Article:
The career of Günter Grass began dramatically in 1959, with the publication of his first novel. The Tin Drum brought instant fame to the thirty-two-year-old author and led to his receiving the 1999 Nobel Prize in Literature. Translated into dozens of languages, the novel has sold over four million copies worldwide. Its status as a major text of postwar German literature, however, has not diminished its provocative nature. In both style and content, it continues to challenge scholars, teachers, and students.
This volume, like others in the MLA series Approaches to Teaching World Literature, is divided into two parts. Part 1, “Materials,” provides the instructor with bibliographic information on the text, critical studies, and audiovisual and Internet resources. Part 2, “Approaches,” contains eighteen essays on teaching The Tin Drum, including three that discuss Völker Schlöndorff’s 1979 film adaptation of the novel. Some of the topics covered are the historical context (Nazism, World War II, the Holocaust), Oskar Matzerath as an unreliable narrator, the imagery (e.g., eels, the Virgin Mary), the use of German fairy tales, and how Grass’s satirical treatment of Germany speaks to postwar generations.
Housebound: Selfhood and Domestic Space in Contemporary German Fiction. Rochester: Camden, 2012.
In life and in fiction, houses are compelling objects that shape an impressive range of personal and public affairs. A house embodies experiences often intensely emotional, and it also represents both a major financial investment and a material reality embedded in architectural, aesthetic, and social traditions. The house, the place where we try to be at home, can be regarded — as theorists from Gaston Bachelard to Edward S. Casey have argued — as the key space for our constructions of selfhood and belonging. A host of contemporary German narratives featuring houses highlight this relationship between selfhood and domestic space. Beginning with a historical and theoretical overview of the house in German literature, Housebound analyzes the shelters — often highly ambivalent spaces — that writers such as Katharina Hacker, Arno Geiger, Walter Kappacher, Monika Maron, Jenny Erpenbeck, Judith Hermann, Barbara Honigmann, and Emine Sevgi Özdamar build in their texts and what these reveal about contemporary selfhood in Germany and its relationship to the social world. The concluding comparative analysis of Katharina Hacker’s Die Habenichtse and the English novelist Ian McEwan’s Saturday reveals these developments in another national literature and makes a case for the global appeal of the domestic as a major site of identity politics. Monika Shafi is the Elias Ahuja Professor of German and Chair of the Department of Women and Gender Studies at the University of Delaware.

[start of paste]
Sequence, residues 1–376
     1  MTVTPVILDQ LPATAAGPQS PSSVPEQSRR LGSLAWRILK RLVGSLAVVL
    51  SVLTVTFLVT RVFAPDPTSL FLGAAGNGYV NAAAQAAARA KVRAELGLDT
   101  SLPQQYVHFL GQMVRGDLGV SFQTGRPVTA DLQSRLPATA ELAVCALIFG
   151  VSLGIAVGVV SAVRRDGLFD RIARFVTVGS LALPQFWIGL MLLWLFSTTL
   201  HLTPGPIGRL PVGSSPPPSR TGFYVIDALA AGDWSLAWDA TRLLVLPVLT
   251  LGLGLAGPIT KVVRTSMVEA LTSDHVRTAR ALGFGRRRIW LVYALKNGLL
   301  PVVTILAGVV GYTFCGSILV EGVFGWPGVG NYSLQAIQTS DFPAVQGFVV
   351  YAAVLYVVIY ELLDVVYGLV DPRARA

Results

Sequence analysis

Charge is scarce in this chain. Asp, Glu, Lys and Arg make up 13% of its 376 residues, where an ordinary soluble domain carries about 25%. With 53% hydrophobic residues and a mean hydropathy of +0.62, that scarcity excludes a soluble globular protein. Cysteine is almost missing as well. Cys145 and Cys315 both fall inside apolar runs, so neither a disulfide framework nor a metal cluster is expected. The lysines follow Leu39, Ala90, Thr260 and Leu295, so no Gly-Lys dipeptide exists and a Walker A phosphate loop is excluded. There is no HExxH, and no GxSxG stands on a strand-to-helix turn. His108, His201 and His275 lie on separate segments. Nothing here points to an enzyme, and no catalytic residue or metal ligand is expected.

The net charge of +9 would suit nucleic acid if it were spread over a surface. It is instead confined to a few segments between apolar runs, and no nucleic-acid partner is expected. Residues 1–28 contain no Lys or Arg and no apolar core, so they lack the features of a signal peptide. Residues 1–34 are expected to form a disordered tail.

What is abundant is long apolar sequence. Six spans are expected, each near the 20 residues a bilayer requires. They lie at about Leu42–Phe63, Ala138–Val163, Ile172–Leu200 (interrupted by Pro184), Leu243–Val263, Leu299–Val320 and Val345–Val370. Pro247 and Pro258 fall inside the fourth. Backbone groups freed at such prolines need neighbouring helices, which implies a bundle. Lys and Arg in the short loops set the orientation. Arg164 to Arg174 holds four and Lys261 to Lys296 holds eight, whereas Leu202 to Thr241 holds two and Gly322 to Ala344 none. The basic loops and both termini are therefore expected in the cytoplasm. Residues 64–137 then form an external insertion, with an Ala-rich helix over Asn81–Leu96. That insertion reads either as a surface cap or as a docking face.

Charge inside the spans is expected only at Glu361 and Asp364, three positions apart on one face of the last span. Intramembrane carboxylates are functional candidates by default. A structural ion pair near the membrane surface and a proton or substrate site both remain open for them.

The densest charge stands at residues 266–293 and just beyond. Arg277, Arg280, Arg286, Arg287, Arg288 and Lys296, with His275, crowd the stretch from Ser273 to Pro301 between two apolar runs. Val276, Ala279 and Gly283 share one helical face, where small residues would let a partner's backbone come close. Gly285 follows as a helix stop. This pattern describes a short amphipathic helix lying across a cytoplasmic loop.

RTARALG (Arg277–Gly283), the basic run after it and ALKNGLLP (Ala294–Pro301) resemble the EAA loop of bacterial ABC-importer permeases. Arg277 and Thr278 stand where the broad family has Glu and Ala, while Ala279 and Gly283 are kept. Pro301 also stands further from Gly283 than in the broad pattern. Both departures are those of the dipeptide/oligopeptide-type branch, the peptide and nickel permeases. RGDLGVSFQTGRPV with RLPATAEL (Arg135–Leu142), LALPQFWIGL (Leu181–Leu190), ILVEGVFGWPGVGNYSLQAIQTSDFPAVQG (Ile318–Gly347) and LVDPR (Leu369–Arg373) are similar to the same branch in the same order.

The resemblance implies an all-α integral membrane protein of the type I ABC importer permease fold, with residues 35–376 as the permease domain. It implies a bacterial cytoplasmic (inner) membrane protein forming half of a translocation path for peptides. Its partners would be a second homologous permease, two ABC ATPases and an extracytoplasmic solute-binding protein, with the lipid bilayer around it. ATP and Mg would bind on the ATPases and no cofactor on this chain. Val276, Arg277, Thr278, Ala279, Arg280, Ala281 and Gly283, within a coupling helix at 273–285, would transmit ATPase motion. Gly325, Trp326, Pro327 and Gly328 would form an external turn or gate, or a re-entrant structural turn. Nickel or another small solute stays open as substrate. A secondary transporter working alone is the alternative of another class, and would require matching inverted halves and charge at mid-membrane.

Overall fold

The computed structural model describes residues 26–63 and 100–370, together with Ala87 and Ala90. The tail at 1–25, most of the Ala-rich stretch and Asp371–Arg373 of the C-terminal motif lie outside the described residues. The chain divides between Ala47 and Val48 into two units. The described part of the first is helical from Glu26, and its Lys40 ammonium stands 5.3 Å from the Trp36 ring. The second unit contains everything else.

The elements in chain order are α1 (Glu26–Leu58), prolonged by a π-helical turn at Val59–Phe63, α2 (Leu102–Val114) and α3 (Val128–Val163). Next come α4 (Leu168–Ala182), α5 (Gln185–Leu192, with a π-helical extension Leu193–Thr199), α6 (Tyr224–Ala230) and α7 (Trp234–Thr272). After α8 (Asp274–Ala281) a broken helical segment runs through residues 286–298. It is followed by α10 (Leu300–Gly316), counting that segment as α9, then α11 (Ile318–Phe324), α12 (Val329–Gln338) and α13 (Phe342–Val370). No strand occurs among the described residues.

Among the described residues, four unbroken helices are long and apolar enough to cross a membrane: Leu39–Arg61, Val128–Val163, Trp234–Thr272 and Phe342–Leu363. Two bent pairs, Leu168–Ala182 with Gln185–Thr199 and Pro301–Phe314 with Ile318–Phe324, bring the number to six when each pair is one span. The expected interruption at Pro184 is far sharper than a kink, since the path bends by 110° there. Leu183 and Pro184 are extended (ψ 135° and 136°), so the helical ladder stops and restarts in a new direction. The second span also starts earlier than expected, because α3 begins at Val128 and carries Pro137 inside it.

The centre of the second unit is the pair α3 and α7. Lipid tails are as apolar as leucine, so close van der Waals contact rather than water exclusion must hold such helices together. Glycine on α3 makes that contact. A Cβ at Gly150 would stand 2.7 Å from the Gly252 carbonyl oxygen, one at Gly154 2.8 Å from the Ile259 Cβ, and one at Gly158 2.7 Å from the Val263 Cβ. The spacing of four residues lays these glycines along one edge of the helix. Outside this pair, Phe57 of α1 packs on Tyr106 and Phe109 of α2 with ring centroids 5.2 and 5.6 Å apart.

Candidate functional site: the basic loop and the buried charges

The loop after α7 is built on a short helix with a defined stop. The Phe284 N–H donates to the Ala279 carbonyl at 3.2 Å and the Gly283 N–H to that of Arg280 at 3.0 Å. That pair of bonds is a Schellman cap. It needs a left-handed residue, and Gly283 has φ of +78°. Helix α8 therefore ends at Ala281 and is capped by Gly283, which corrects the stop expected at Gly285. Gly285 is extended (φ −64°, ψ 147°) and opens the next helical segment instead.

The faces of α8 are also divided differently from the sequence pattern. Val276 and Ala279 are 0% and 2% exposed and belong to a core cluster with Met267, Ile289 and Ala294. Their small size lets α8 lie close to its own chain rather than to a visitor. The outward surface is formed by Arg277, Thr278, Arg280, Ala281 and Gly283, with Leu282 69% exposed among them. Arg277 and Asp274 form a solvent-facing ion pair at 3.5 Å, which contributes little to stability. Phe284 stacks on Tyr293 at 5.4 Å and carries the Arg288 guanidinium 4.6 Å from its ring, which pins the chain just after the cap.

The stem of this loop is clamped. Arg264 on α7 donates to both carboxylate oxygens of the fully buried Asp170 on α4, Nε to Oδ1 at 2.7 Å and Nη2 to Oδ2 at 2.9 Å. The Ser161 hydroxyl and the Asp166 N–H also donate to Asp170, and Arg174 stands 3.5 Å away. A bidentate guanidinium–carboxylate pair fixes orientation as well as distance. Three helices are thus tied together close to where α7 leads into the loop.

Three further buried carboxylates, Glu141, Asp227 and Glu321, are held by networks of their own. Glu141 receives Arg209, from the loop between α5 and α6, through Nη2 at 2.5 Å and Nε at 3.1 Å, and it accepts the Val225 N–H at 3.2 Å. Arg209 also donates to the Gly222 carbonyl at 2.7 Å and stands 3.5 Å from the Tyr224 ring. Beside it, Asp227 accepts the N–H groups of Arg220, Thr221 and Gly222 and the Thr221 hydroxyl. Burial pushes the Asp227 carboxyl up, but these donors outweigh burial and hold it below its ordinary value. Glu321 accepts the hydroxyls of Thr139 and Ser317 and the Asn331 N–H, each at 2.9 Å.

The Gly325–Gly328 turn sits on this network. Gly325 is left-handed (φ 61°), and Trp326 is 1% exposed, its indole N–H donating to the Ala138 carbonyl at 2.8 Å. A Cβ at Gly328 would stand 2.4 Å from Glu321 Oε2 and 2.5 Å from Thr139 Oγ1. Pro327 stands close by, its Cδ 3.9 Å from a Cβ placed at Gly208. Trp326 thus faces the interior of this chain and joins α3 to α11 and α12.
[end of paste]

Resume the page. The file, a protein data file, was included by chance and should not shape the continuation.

Discourses of Work in the Neoliberal Economy
Representations of Old Age and Locations of Care